The second historical event the guides told us about was the infamous 'Long Walk' - a Civil War period attempt by the US Army to relocate the Navajo people to a reserve at Bosque Rodundo, several hundred miles away.  Kit Carson was commissioned to round them up and force them to the reservation, using a scorched earth tactic - burning the Navajo fields and homes and slaughtering their livestock, and shooting anyone who resisted being relocated.   Word spread down the canyon, and a group of Navajo stocked food at a high mesa (now called Fortress Rock), and hid there.  They were discovered, and the army camped at the base of the mesa.  They weren't accustomed to climbing canyon walls, and any attempts were met with a hail of rocks.  Thinking that the Navajo must be short of food, the soldiers build large campfires and cooked bacon, hoping the smell would tempt the people down.  But the Navajo had a good stock of food.  They were short of water, so when the army  slept, the Navajo formed a bucket brigade down the back of the mesa to haul water up to the top.  Accounts differ as the how this seige ended - our guide said the soldiers ran out of supplies and started to starve themselves, so they moved on.  But when the people came down, they found their fields and livestock destroyed, and were eventually forced to move out of the canyon and join the long march to the makeshift reservation.  Many people died of starvation and exposure and exhaustion on the march.  The few rations they were given were unfamiliar foods - coffee beans and white flour.  Many more died from trying to eat the coffee beans and inadequately cooked flour paste.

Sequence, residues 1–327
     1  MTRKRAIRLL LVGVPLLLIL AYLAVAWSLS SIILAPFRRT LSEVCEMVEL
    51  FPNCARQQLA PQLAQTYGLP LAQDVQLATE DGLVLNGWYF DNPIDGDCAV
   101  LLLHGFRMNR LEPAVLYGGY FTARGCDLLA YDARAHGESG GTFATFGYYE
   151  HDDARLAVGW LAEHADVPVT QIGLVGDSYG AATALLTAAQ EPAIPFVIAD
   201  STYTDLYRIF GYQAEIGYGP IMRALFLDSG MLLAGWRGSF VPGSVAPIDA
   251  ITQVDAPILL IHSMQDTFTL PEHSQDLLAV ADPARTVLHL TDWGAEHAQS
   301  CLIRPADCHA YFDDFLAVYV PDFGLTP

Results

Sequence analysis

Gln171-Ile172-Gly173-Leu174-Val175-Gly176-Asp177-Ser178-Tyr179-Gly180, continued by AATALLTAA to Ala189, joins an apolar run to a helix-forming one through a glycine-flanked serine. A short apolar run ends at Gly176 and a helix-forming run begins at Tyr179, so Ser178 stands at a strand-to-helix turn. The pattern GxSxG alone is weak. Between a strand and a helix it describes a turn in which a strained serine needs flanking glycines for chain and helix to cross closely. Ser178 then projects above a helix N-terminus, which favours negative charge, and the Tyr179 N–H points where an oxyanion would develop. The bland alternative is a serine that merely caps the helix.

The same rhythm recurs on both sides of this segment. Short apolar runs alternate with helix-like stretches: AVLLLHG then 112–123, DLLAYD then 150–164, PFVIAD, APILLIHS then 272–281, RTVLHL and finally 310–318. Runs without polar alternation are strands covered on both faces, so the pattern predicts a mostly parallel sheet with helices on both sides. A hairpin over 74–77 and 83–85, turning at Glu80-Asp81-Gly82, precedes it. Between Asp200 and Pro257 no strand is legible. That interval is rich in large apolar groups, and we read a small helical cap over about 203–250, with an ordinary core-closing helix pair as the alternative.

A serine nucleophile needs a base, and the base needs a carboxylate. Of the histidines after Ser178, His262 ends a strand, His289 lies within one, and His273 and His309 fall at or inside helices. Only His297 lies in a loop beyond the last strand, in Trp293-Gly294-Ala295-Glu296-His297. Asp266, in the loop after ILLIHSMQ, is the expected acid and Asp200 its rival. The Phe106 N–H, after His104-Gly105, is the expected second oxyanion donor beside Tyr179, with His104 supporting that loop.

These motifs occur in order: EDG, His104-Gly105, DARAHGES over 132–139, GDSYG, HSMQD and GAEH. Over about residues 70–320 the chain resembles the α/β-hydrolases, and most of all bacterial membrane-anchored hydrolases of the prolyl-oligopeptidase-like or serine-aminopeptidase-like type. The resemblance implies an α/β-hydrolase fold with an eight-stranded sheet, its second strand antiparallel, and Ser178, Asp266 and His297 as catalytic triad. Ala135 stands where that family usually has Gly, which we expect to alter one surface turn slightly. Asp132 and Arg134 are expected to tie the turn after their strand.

They didn't fare much better at the reservation.  There was inadequate housing, and the weather was harsher than in the canyon.  The wood and brush in the area was too scarce for the number of people herded there, and the search for firewood soon became a long walk itself.  The crops they planted were destroyed year after year, first by cutworms and then by consecutive years of unseasonable frosts.  After 4 years, the people on the reservation were in a state of abject poverty and misery, and the government got tired of requests for aid from the reservation.  Plus, the white settlers in the canyons weren't successful in establishing farms there.  So a treaty was signed allowing the remaining Navajo to return to their homeland, granting them a reservation including Canyon the Chelly and Canyon del Muerto.  The Navajo reservation is now one of the largest reservations in North America.
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deannekristin on

Hi Kit!!
Your trip sounds amazing!!! Not sure if you are home by now, but the photos were stunning and it sounds like you traveled with some really fun people too! Kris and I just got back on June 16th, so I'm playing catch up with mail etc. Hope you enjoyed your trip thoroughly!! Talk to ya later....